If the NFL was upset about the way they were depicted in the television
documentary "League Of Denial: The NFL, Concussions and the Battle for Truth", then imagine
how they felt when they heard that Will Smith may be starring in a movie where
he portrays Dr. Bennet Omalu, the forensic neuropathologist who first found
chronic traumatic encephalopathy (CTE) while conducting an autopsy on Mike
Webster, the deceased center for the Pittsburgh Steelers.
The film will be based on the 2009 GQ article "Game Brain" by
Jeanne Marie Laskas. Here's a link to the article: Game
Here's an excerpt from the article: "Let's say you run a
multibillion-dollar football league. And let's say the scientific
community - starting with one young pathologist in Pittsburgh and growing into a
chorus of neuroscientists across the country—comes to you and says concussions
are making your players crazy, crazy enough to kill themselves, and here, in
these slices of brain tissue, is the proof. Do you join these scientists and
try to solve the problem, or do you use your power to discredit them?"
They don't have a working title for the movie yet, but how about this
one: "Head Games."
The NFL played a lot of head games with Dr. Omalu, especially when he tried
to make his findings and research public. They worked hard to discredit
him through their own doctors.
When the attacks on his character and professionalism began to take
place, Dr. Omalu said "I thought the football industry would be
happy with our new discovery. I thought naively that discovery of new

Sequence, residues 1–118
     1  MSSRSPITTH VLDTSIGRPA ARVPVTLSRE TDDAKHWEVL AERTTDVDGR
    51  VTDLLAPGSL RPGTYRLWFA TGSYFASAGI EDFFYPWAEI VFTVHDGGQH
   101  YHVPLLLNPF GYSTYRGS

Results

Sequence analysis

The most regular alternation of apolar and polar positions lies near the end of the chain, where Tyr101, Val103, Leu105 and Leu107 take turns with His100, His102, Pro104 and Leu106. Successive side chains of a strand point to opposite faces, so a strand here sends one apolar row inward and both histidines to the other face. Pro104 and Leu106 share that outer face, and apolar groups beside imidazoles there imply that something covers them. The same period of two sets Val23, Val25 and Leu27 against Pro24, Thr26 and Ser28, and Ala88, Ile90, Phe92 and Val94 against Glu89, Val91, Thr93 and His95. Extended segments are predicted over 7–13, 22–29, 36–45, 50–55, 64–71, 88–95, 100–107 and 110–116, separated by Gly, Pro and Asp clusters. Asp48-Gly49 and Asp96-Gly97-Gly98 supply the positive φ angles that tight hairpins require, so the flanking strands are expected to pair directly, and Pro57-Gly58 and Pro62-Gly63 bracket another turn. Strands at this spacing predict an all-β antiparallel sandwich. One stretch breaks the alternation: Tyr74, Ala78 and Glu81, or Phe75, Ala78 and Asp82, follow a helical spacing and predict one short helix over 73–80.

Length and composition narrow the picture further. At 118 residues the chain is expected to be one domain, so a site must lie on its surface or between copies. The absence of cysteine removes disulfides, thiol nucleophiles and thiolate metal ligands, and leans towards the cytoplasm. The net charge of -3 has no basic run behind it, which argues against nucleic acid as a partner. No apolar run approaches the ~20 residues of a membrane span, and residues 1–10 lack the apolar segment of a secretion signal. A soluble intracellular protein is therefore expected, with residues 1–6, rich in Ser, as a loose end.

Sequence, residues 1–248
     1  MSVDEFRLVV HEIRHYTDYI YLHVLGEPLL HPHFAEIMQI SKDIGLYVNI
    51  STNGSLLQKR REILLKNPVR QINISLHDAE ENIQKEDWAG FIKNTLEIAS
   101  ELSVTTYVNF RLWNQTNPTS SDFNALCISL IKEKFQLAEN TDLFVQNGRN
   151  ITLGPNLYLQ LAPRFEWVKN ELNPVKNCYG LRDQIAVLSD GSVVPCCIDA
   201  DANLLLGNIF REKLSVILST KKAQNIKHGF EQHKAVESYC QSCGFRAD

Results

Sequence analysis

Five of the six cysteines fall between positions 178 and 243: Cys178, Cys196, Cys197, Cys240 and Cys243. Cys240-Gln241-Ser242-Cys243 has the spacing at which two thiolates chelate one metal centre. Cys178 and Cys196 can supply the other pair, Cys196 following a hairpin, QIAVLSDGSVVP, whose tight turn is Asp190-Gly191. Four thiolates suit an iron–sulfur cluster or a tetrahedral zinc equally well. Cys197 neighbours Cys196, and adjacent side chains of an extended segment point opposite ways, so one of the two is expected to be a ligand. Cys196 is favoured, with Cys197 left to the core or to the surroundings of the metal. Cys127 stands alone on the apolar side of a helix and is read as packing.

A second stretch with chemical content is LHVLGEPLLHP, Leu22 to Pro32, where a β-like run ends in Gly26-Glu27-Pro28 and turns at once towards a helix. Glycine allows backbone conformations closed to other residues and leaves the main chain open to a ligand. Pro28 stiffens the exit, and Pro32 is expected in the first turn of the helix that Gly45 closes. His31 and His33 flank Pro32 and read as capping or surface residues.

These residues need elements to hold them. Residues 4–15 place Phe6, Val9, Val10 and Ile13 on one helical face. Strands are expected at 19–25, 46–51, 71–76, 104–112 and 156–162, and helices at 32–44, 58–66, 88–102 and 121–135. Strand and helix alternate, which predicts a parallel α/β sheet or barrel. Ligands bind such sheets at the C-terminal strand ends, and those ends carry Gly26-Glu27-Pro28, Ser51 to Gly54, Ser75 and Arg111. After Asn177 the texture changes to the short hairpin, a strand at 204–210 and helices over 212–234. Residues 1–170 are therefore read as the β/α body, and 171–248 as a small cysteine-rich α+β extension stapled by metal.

information, unraveling new information, redefining concepts, I thought the
football industry would embrace it — again, about my business experience —
utilize it, turn it into some type of utility, some type of utility function to
enhance the game."
Dr. Omalu quickly found out about the NFL's modus operandi when it comes
to people that are a threat to their money making machine.
NFL football players have an expression we like to use when it comes to
the NFL's game plan with respect to retired players. It's called: "Delay,
Deny and Hope We Die."
I don't think the NFL actually hopes that the older players would just
shut up and die - but it would make their lives a lot easier.
Ironically, it was the death of certain former players and the subsequent brain autopsies
that broke the camel's back and provided the missing link between concussions and the development of CTE (Chronic Traumatic Encephalopothy).
The NFL is praying that the following interview with Dr. Omalu is not included in
Question: From your analysis, from what you've
seen, what would your estimate be of how many NFL players that are playing the
game right now probably have CTE?
Dr. Omalu: OK. Based on my experience, there has
not been any NFL player I've examined that did not have CTE. Now, the degrees
of advancement of the disease will be different, and they have different types.
So my opinion is, based on my experience, is all of them....
Did you say all of them?
Dr. Omalu: All of them. All the NFL players I have examined
pathologically, I have not seen one that did not have changes in their brain
system with brain damage.
And your guess is it's not just a special group
you are seeing who happen to kill themselves or whatever. It would be present
even in active players even now?
Dr. Omalu: I think in active players who have
played through high school, college, each and every one of them, in my opinion,
has a certain degree of brain damage. CTE is progressive. Let me give you a
No, finish the -- CTE is progressive; therefore
Dr. Omalu: The longer they live, the more advanced the
disease becomes. Am I making sense to you?
Until they become Mike Webster?
Yes. Some of them may not
degenerate as quickly as Mike Webster did, but as they get older. Am I making sense to you? There is individual
variability, like in every other disease. Like high blood pressure, you have
people who have high blood pressure, mild high blood pressure, moderate high
blood pressure, serious high blood pressure, malignant high blood pressure, but
it's the same disease with the same risk factors.